Steamboat Springs For Angela Blair and her husband, the scenery around Steamboat Springs outweighed the high cost of living.
The couple spent the summer looking to move from their home in Moscow, Idaho.
"We knew we wanted to come to Colorado," she said. "My husband got a job here, so it was up to me find a job."
Lucky for Steamboat High School that Blair, a recent college graduate, is certified to teach. Blair, who moved to the area earlier this month, is among 16 new teachers who will be on the high school campus when school starts Monday.
Blair, who will teach in the high school's career and technology program, and the other new teachers comprise nearly a third of the school's staff.
As late as last week, Principal David Schmid said, the school was still trying to fill positions. A mixture of retirements, departures, new positions and enrollment increases created an unusually large number of openings, Schmid said.
For a school that hired only six to seven employees last year, this summer has not been easy. Schmid said he is pleased with the new staff members hired; however, he said finding that many qualified teachers was a difficult task.
"I think there is less quantity of qualified applicants," he said.
Part of the problem is a nationwide teaching shortage that is amplified in Colorado, state education officials said. For example, to fill its 16 openings, Steamboat High went far beyond Colorado's boundaries, hiring teaches from Virginia, North Carolina, Idaho, Oregon, Texas and Florida.
Making hires from so far away sometimes is an act of faith as late as Thursday, two of the 16 new teachers had yet to arrive in Steamboat.
Gayle Dudley, the high school's vocational director, said she went through more than 100 applicants to fill three positions in the career and technology department.
"It felt like we spent most of the summer hiring teachers," Dudley said.
Steamboat's hiring difficulties were shared in other districts throughout the state, said John Meyers of the Denver consulting firm of Augenblick & Meyers, which has done a personnel study for the Colorado Association of School Boards.
Meyers, who has also worked with the state's education finance program, said Colorado's lack of school funding and low teaching salaries are the primary reasons for the shortage.
"When comparing (Colorado's) teaching salaries to other states," he said, "it's significantly lower than nationwide."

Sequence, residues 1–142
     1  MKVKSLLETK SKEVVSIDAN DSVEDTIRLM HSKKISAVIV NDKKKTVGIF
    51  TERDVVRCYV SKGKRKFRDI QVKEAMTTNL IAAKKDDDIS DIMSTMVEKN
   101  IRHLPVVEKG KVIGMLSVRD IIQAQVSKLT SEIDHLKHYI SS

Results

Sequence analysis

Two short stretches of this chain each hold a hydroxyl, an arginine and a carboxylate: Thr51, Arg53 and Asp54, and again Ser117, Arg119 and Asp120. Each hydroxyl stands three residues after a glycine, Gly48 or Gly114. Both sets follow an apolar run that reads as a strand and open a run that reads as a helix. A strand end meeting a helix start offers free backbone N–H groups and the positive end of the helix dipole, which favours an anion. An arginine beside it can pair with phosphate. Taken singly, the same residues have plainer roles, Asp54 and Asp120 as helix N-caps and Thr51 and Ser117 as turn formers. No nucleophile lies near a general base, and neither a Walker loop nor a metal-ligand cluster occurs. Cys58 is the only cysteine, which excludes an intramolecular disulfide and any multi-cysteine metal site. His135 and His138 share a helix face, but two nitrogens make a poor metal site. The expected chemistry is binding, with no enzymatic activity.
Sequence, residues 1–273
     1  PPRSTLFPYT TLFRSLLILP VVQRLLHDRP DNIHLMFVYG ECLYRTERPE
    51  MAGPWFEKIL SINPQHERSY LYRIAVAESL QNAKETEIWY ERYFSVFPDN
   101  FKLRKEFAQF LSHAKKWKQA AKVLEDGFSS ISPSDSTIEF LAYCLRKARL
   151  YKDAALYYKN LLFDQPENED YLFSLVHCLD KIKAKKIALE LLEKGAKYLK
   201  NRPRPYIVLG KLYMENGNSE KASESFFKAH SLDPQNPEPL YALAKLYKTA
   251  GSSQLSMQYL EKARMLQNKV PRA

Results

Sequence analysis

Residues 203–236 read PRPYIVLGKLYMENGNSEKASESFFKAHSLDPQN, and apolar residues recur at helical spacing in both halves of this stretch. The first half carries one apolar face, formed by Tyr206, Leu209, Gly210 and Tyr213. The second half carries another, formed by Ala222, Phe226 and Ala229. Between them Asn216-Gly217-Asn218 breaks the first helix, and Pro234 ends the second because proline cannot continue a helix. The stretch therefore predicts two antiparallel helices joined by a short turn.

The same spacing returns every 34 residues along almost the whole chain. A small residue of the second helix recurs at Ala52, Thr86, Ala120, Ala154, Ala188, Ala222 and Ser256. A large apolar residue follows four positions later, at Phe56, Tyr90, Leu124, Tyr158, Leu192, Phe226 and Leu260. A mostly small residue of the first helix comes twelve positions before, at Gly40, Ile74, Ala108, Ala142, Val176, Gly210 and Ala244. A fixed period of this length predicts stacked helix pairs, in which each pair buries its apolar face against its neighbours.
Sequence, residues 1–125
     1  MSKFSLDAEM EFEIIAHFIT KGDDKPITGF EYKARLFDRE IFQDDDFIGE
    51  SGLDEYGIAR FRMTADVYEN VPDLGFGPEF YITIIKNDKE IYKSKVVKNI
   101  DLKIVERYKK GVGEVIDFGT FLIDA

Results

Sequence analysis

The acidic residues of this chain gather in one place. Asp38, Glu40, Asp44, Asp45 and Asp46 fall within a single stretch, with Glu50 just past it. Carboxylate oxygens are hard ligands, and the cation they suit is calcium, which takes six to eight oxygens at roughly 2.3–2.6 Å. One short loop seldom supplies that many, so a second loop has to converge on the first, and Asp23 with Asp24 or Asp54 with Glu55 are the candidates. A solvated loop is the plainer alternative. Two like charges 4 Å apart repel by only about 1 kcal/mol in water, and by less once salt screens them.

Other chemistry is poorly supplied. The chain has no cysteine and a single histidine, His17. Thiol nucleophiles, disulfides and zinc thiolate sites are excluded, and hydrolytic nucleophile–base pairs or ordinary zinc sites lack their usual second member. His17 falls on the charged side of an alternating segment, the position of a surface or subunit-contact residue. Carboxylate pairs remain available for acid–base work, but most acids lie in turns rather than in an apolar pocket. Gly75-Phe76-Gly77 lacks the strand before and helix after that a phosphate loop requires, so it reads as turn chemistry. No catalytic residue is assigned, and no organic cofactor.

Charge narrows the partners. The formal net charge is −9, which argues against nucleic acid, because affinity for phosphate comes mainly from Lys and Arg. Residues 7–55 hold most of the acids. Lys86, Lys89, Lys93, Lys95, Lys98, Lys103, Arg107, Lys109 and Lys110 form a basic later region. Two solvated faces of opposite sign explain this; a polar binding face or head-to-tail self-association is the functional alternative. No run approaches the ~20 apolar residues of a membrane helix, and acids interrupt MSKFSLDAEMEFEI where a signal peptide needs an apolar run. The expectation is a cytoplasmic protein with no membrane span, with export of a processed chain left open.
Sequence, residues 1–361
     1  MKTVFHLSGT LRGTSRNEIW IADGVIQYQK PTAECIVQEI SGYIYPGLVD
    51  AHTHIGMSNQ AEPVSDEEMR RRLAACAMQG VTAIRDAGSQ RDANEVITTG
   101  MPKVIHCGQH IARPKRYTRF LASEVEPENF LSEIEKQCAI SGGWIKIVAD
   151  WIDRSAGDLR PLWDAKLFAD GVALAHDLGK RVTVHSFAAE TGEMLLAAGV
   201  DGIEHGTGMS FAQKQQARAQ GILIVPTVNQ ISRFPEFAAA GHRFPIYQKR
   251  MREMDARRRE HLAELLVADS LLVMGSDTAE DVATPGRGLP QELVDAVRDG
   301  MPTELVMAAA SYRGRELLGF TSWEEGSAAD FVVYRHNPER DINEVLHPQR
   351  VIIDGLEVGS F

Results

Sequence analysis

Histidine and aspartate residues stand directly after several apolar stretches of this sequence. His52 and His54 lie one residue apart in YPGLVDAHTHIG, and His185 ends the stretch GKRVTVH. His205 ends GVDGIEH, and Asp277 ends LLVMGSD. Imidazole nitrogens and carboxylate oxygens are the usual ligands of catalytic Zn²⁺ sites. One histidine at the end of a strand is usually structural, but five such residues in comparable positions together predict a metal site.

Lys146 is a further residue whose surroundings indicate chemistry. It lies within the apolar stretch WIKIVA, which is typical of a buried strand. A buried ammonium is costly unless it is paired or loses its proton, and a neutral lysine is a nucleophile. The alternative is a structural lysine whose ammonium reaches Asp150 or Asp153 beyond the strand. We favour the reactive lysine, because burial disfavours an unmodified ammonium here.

Colorado's combination of a relatively high cost of living and low salary schedule makes it easy for other states to recruit Colorado teachers to fill their open slots, Meyers said. That problem is exacerbated in Steamboat, which has one of the state's highest costs of living.
Schmid said potential teaching candidates suffer serious sticker shock after looking at housing in the Steamboat area.
"If we offer the position, it doesn't mean people are going to take it," he said. "They might decide it isn't affordable to live here. A new teacher doesn't make that much money."
The statewide and area shortage is not likely to ease as the baby boomer generation reaches retirement.
Meyers said 40 percent of all school administrators will retire in the next 10 years. That number will be smaller for teachers, but still troublesome as recent college graduates head for careers with bigger financial payoffs.
"We cannot find the high quality coming out of college," Meyers said.
During the tremendous economic growth of the 1990s, companies began paying tremendous salaries to new college graduates, luring away many who might otherwise have taught school, particularly in the subject areas of math and science.
"If you are good in math, you're not going to be a teacher," Meyers said. "That didn't used to be true 20 years ago."
Schmid agreed. Among the most difficult positions to fill, he said, were engineer technical, math and consumer planning teachers.
One of the math teachers Steamboat was able to lure was Bob Hiester, a 33-year veteran of teaching in the Denver area. Tired of the city traffic, the Colorado native decided to head to Steamboat.
"I've always liked this place," he said. "It seemed like a good time to get out of Denver."
As head of the math department in his former high school, Grand View, Hiester had the similar problem of finding math teachers.
"Young kids come out of college and go into investment or high tech things," he said.
Hiester is living in a fifth-wheel trailer until he finds a suitable home he can afford. Similarly, the other new teachers hired by the high school said money was less of a concern for them than other issues such as quality of life.
"It's not the money," said Katie Foster, a physical science and biology teacher who came to Steamboat from Virginia.
"I feel like I am doing something important. I feel like I am making a connection with people everyday."
On Friday, Colorado Gov. Bill Owens offered a pilot program geared to attract specialty teachers to Colorado by helping repay their student loans.
Owens said $6 million would be committed to encourage student teachers to become licensed in math, science, special education and linguistically diverse education. Eligible teachers could have up to $2,000 per year in loan payments forgiven for four years if they are under contract as first-year teachers this fall.
Though unaware of Owens' announcement, long-time teacher Dudley did say she is cautious of a state plan that might give new teachers more money than those who have been working longer. But, she does see a need for a pay increase.
"People don't get into teaching for the money," Dudley said.